It is nighttime. Bare feet flitter across cold tiles. A yank. The light goes on. Ice cold air rushes out. The nibbler has reached her goal: the refrigerator opens its frosty insides invitingly.
What did people used to do when they were sad? When opening the refrigerator and spooning chocolate spread out of the jar wasn’t possible?
Maybe they wrote poems back when cold beer could only be enjoyed socially at the bar on the corner? When ice cream was a summer phenomenon while looking upon the Adriatic Sea?
It is daytime. The refrigerator swings opened and closed, rhythmically like a windmill.
Breakfast: milk, bread and cheese; for a snack, yogurt.
Midday: salad couscous from yesterday, parsley from the crisper and “fresh soup” in a plastic container — it needs warming up but works as gazpacho, too.
Afternoon: strawberries with soy cream and the rest of yesterday’s smoothie.
Evening:chicken broth with pre-cut salad and soy sprouts and marinated chicken breast, for dessert store-bought tiramisu and a cold bottle of rosé for watching TV later.
A normal day: cooling level four, two in the crisper. The freezer is storing everything, from Christmas leftovers to surprise cake. And all the unlabeled things nobody can identify. Frozen unknowns, forgotten.
People used to go to the market. Food had to be brought home on an almost daily basis. If it was all eaten up it was all gone; leftovers had to be thrown away. Today we spare ourselves those extra trips.
We have gained time because we add to what’s already there once or twice a week, sometimes once a month, only to put most of it in the dark refrigerator, eat some of it and get rid of over half of it due to forgetfulness, overbuying or aversion. In fact, we work a part of every day to be able to buy food we energy-intensively store and grow in environmentally critical conditions, disposing of it in turn with energy we pay for. Almost every piece of fresh produce we in big cities buy has been chilled in order to survive long transport routes and storage. Mostly uninterruptedly so, but not always. We open those doors wide and the refrigerator gobbles up our time in its singular way, urging us to buy more, store more, hoard more. The produce we stuff into it is more colorful than that which goes unchilled – it is unsoiled, without insects, scentless.
The refrigerator distances us: from responsibility, from the products themselves. We see only parts of that which we buy. Of fish the stick, (what kind of fish has such 2x1x4 cm dimensions?) Of soil, how does the soil always end up on the carrots? Of fruit (smoothies are all similarly pasty), of the landscape (why does the cow give milk and what does the calf end up getting?), and of the region: why weren’t there any strawberries yesterday??? The refrigerator frees us from concern with climate change and crop failures because everything still seems available. Things that go in the refrigerator shine beneath their plastic wrap, which used only once will continue to float in our oceans for generations to come. Fruit lies in a bed of crystal clear plastic, covered in delicate wrap, vegetables in branded bags, butter in tin foil, bread in a plastic bag, anything to preserve what’s left of the flavor before the refrigerator smothers it in its pervasive odor.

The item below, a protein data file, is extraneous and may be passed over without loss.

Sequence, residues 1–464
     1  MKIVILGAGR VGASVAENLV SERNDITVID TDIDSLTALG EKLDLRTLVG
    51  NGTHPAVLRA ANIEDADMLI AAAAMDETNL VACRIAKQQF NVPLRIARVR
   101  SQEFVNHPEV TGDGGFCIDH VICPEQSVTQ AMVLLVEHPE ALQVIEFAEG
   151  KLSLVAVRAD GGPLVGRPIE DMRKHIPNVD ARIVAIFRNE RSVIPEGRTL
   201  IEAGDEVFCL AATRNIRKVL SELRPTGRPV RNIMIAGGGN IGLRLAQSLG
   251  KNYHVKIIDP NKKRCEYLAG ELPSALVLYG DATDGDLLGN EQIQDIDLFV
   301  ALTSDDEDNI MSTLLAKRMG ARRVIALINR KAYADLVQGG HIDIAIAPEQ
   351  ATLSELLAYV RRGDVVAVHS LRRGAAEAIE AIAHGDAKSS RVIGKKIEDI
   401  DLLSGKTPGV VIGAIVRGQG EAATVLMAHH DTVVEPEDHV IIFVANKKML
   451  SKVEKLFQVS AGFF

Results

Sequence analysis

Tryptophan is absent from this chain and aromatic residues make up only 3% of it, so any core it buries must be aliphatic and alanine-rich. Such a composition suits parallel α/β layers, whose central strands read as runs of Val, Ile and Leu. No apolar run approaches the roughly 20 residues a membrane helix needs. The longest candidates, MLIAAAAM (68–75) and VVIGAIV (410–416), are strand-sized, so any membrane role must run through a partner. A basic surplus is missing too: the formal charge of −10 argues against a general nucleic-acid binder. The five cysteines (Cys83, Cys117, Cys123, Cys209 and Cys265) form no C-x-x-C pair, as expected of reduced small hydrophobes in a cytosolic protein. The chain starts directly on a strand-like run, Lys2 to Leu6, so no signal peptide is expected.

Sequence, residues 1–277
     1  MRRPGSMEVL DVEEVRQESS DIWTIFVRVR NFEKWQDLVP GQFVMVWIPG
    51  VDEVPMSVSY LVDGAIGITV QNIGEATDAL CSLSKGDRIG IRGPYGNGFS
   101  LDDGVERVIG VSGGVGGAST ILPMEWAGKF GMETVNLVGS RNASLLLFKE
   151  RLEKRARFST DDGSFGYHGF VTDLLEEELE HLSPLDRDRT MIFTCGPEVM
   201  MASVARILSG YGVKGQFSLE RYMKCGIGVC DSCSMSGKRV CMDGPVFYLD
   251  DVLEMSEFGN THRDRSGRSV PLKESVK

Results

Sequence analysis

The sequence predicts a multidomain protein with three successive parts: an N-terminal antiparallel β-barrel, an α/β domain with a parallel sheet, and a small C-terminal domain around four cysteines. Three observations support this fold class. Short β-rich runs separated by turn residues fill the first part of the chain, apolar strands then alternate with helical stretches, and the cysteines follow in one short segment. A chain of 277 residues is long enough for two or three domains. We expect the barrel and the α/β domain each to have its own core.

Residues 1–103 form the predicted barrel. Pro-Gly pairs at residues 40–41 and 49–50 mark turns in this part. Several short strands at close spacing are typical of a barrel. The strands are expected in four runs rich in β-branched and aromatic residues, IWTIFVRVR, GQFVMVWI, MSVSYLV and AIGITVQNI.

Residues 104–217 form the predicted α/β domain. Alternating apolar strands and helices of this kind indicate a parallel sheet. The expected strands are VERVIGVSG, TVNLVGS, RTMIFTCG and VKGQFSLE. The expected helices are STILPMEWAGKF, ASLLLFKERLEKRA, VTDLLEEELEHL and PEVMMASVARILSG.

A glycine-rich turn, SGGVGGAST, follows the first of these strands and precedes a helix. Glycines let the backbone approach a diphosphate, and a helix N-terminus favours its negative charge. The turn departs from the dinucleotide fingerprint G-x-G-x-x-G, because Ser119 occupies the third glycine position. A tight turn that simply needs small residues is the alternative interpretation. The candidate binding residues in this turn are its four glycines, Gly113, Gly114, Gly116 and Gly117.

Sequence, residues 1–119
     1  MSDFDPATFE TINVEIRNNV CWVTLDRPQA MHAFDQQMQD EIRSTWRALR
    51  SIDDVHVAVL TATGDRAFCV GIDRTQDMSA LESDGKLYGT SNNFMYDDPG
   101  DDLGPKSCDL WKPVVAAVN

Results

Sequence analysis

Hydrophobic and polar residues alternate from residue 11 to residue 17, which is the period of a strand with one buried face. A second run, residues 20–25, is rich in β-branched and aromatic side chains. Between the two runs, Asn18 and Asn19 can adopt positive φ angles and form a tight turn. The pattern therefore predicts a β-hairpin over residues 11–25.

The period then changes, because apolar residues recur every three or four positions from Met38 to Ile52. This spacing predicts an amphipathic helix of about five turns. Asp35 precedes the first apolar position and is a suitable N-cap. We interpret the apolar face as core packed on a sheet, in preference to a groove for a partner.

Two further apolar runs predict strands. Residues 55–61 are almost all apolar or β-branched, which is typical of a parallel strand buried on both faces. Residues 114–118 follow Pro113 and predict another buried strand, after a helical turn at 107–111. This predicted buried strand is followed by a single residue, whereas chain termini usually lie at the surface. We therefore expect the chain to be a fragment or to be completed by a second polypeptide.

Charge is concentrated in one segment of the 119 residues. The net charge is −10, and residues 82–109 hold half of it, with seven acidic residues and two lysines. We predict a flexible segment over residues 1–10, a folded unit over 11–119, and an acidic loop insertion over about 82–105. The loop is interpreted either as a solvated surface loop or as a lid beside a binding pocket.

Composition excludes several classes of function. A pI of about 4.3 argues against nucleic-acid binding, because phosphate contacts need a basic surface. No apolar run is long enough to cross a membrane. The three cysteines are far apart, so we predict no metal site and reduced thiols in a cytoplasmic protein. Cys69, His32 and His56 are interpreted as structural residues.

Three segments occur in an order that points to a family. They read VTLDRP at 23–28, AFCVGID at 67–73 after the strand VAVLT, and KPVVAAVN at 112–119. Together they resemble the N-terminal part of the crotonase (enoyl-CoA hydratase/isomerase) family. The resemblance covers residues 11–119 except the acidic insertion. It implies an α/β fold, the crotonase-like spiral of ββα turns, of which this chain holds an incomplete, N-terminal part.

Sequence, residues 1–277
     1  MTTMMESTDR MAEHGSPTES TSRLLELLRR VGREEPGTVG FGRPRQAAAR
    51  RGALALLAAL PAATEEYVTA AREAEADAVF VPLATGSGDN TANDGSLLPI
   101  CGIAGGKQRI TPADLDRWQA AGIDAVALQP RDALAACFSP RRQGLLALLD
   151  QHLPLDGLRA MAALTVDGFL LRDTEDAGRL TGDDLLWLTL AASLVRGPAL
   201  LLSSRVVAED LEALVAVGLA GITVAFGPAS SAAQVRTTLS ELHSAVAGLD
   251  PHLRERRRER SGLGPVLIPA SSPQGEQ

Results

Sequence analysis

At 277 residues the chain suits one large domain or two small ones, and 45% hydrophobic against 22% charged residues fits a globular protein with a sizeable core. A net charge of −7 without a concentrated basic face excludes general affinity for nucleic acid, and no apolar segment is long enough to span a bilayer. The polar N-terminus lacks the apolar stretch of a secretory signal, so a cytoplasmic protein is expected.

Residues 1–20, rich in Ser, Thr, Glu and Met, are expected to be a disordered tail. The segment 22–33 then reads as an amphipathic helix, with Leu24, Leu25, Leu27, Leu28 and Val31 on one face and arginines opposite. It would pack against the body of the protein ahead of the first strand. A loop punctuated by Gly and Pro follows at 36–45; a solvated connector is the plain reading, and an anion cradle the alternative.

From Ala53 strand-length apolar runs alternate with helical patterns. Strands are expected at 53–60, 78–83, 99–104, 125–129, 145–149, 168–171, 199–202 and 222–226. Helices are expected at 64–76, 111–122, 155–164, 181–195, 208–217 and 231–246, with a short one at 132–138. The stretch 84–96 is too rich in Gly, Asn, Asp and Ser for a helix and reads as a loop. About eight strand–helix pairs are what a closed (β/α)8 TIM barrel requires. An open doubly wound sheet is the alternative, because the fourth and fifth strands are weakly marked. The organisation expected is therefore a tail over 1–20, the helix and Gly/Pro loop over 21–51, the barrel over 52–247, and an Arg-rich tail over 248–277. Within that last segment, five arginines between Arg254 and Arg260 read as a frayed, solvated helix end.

The refrigerator distances us from hunger! By that I don’t mean hunger in disaster areas, I mean the everyday kind of hunger after hard work. There is always something within reach that doesn’t have to be peeled, cut or boiled. The refrigerator invented appetite.
This is how we snack our way through the day, always grazing, always ready. Eating as distraction, eating because we feel like it, out of boredom, as compensation, to stay busy. Eating as an antidote to fear. The refrigerator has changed our environment by enabling long-term storage. It has changed us, our eating habits. Where we used to pour our guests a cup of tea, they now ask for soda. Where we used to poach pears for dessert, now we offer store-bought frozen cake.
Refrigerators are intimate. One look in the fridge gives us a good picture of our hidden vices. What do we see? Do we really want insight into our chilled hidden treasures?
Now, I don’t want to abstain from the refrigerator. I would just like it to be perceived anew as an influential transformer of our habits and preferences. That Amazon, Google and Netflix record our lives and shape our habits still bothers us every so often. In this vein, the refrigerator comes a surprise: it has changed our eating habits, preferences and sense of taste so drastically that it first made overeating to the point of endangering one’s health possible at all.
Indulging in ice cream every night has only been possible since the freezer was invented. Lactose intolerance only becomes an issue when from an early age we are in the habit of consuming excessive quantities of milk products. Lukewarm soft drinks don’t taste good. Strawberries in winter wouldn’t result in allergies. Food allergies would be less common had we not blindly placed trust in one cooling chain. And the oceans wouldn’t be so overfished. Refrigeration seduces us. It entices. It is our core.
We don’t have to throw the refrigerator away, but we can approach it more consciously, with more love. And we can go to the weekend markets to see all of the beautiful things as they are whole: cheese, fish, chickens, the dirt on the carrots, the lamb’s lettuce in spring, the peaches in summer, the quince in fall and the turnips in winter. The many fresh herbs and curved cucumbers. The sun-ripened tomatoes. Bread without a plastic bag around it.
And with these products we’ll make our friends a meal that doesn’t taste like refrigerator, but rather carry the fragrances of the earth and sun. Not pre-packaged and square. Fleshy and wild. The leftovers can go in the fridge.